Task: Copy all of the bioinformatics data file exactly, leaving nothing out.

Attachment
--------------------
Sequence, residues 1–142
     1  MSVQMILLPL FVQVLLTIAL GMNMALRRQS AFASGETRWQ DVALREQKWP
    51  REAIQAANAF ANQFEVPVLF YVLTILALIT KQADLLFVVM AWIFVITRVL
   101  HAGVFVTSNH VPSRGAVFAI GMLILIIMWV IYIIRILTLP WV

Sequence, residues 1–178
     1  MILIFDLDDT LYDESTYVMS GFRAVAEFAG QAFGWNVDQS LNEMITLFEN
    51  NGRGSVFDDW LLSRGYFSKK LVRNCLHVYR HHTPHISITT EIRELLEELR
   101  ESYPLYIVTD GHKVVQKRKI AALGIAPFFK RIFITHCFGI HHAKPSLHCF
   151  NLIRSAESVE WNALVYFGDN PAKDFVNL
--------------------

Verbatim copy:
Sequence, residues 1–142
     1  MSVQMILLPL FVQVLLTIAL GMNMALRRQS AFASGETRWQ DVALREQKWP
    51  REAIQAANAF ANQFEVPVLF YVLTILALIT KQADLLFVVM AWIFVITRVL
   101  HAGVFVTSNH VPSRGAVFAI GMLILIIMWV IYIIRILTLP WV

Sequence, residues 1–178
     1  MILIFDLDDT LYDESTYVMS GFRAVAEFAG QAFGWNVDQS LNEMITLFEN
    51  NGRGSVFDDW LLSRGYFSKK LVRNCLHVYR HHTPHISITT EIRELLEELR
   101  ESYPLYIVTD GHKVVQKRKI AALGIAPFFK RIFITHCFGI HHAKPSLHCF
   151  NLIRSAESVE WNALVYFGDN PAKDFVNL